And our house would always stay clean.
Dream on. Farms are often back-breaking, morale-eroding, expensive sinkholes. I know ours is. Yet here we be and here we stay.
It’s home. We raised three wonderful children here. We’ve bred and grown good beef and horses and great garden and orchard crops and tons of hay from our own fields. We breathe clean air and enjoy hearing dozens of different bird songs and look out at some of the best scenery this side of heaven. Eagles land in the trees in our front yard.
It’s all enough for us even if we are not enough for the farm. I know there will come a time when the farm will need to be a fond memory and not a daily reality. Until then we will keep pursuing our dream as we and the farm grow older. Dreams age and mature and I know now what I dreamed of when I was younger was not the important stuff.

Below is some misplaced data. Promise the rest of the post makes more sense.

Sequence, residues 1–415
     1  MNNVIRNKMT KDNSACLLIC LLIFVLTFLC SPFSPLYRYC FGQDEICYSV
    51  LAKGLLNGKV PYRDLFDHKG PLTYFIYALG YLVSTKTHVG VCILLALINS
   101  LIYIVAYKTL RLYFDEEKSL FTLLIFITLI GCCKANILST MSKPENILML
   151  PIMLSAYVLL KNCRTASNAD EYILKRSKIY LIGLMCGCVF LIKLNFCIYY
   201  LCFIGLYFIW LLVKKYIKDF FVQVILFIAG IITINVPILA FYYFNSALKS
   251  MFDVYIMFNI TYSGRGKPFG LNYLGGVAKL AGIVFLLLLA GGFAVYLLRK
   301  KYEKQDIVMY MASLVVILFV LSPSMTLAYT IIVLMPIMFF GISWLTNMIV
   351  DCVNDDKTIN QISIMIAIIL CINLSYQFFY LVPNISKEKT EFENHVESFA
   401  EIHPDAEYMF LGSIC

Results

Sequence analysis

We are blessed with one another, with the continuing sunrises and the sunsets and everything in between. This is the stuff of which the best dreams are made.
There’s a certain Slant of light On winter afternoons — That oppresses, like the Heft of cathedral tunes. When it comes, the Landscape listens — Shadows hold their breath — When it goes, ’tis like the Distance On the look of Death. ~Emily Dickinson
During our northwest winters, there is usually so little sunlight on gray cloudy days that I routinely turn on the two light bulbs in the big hay barn any time I need to fetch hay bales for the horses. This is so I avoid falling into the holes that inevitably develop in the hay stack between bales. Winter murky lighting tends to hide the dark shadows of the leg-swallowing pits among the bales, something that is particularly hazardous when carrying a 60 pound hay bale.